In that very moment, I realised how much I missed ugogo umaDhliwayo. I pain that I even missed her funeral and it felt like a sword was splitting me in half. I cried in private, not even my love Sihle saw me shed a tear. I was raised to be strong. Days rise and fall and still I keep my tears at bay. This is what she said strength was. The world must never see you cry she said. I hold those teachings ever so dear to my heart, I live those teachings.

So many times she was there for me. Ploughing the way to a future that I may call bearable. Her strength I will always admire though hard as I try can never duplicate or emulate. She made sure I was fed and always clothed. She was a true hustler, always on the grind to ensure we lacked nothing. I remember the day she slept on the floor in my room when I was sick with chicken pox. Her words were “I can never ever let you out of my sight when you are sick”. Though she will never know it, she was my hero. Once she asked me what kind of man I wanted to be when I grow up and my response was “ngifuna ukuba njengawe” (I want to be the man that you are when I grow up). She set such a high standard.

She taught me to be an impenetrable fortress. A stone heart. I love it but I hate it. To the women in my life they may never know my true feelings. To her she will never know my gratitude and love I had for her.

That moment I gave up my seat on the train, in the storm of emotions I wished I could read her a poem I wrote for her. I could never let my feelings out of my heart so I scribbled them in my notebook and kept them hidden from those who needed to hear them. Ironically, I write many poems on the train. Maybe the noise is an escape. I penned words to three strong women in my life:


This is a shout out to hip hop

Saluting the greats that are my hip hop

Not to be confused with imitations

Real hip hop cannot be held down

Truly no limitations

Loud and clear I hear the whispers

What is my hip hop you ask?

Confusion lays upon your faces like early morning dew

The time to know the truth knocks at your door

Long overdue is what it is

What is hip hop?

Hip hop is my mom waking me up every morning

Hip hop is her strength as she carries me through life

Hip hop is in her voice telling me I will overcome

Hip hop is in her voice, forever warm

She is the rock that is hip hop

Shout out to hip hop I say

Hip hop is my grandmother waking me up every morning on days past

Telling me that I am strong and the future is me

Hip hop is her loving hug

Shout out to hip hop

Salute to the greats, true pillars

As silence grips your bodies

And the realisation that is hip hop subdues you

I give this loud shout out to hip hop

Hip hop is in the smile of my sister

It is in her voice of encouragement

Telling me destiny is in my palms

That is that destiny I stand as king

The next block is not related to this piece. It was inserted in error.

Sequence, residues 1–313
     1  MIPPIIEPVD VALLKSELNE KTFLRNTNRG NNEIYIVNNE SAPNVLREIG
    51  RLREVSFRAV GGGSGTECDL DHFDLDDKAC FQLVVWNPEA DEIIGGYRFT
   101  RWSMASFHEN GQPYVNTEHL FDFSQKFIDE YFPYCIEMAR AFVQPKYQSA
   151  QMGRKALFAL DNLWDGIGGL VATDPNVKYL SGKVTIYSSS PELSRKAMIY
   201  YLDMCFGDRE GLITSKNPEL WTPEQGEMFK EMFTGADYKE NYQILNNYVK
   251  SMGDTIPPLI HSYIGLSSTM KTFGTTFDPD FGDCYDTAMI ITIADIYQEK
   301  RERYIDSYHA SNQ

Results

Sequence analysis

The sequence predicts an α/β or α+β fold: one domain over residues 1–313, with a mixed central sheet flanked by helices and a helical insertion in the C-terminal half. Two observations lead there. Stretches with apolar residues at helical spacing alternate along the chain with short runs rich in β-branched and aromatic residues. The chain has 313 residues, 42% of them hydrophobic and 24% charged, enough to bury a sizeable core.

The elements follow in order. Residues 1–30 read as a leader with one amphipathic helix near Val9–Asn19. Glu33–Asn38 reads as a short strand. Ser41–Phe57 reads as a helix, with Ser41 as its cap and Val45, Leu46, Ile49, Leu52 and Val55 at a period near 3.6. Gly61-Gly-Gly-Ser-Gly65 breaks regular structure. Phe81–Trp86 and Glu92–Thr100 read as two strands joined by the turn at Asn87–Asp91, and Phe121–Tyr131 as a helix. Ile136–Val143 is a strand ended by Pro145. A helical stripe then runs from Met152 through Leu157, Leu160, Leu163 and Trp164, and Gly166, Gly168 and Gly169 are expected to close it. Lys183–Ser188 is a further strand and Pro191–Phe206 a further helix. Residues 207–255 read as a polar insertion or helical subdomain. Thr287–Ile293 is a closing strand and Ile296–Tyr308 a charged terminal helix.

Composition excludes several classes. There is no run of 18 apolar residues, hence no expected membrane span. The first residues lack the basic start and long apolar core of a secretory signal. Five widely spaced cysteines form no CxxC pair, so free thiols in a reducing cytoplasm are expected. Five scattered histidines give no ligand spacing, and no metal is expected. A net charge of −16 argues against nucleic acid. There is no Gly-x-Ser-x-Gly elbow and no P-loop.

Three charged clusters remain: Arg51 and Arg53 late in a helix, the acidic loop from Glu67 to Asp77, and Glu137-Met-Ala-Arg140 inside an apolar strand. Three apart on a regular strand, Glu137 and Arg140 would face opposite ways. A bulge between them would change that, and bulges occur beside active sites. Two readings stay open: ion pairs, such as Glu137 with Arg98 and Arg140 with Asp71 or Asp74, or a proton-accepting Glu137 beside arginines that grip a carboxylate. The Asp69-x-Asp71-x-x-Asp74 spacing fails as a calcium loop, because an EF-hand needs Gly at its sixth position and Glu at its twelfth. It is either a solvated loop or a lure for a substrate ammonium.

This is my hip hop

So hear me clear

Hear me loud

This is a shout out to hip hop

Hip hop that shaped my life

My hip hop

Big shout out to these women in my life

True pillars, pure strength

This is my hip hop


And to you Sihle, sthandwa sami, love of my life.  I know now that these words must never be left unspoken. Someday I will be man enough to let these feelings rain down on you. This strength I was raised to have as a man is truly a curse and no strength at all. Though I have mustered it, well it has cost me the freedom of knowing that those who need to know are in the light of that knowledge.

I wrote you a love song-
Poured my heart into its lyrics-
Baked it in the warmth of my heart-
I need to shout out these feelings-
Serenade you with a drizzle of emotions-
I wrote this with love-
Penned it so clearly with my feelings-
Etched it so gently on my heart-
I wrote this song for you-
A song drenched with love-
I wrote you a love song-
A song you may never hear-
Whose words I dare not utter-
Feelings I may never share-
All sealed in this love song-
Hidden under the shadow of reality-
Cruelly holding me from singing my song
I wrote you sweet melodies of love-
Tunes you will never hear-
I feel joy , I feel pain-

Keeping this inside torments my soul-
Joys of sweet melodies seasoned with the pang of heartache-
Heart to heart shall never be-
As only my heart sees this song-
Only my soul hear its lyrics-
This is your song-
Though sealed in the confines of my heart-
Away from intended heart-
Miles away from you-
Distance shields you from this song-
I wrote you sweet melodies-
I wrote you a love song-
A story of feelings-
I keep it in the basement of my heart-

That split second on the train gave me an insight on what true strength is, what being a man is. Words left unspoken will rob you of this strength and with that realization I strive to be a new man with a new strength. A strength to speak and let those I love know that my love for them is true and real.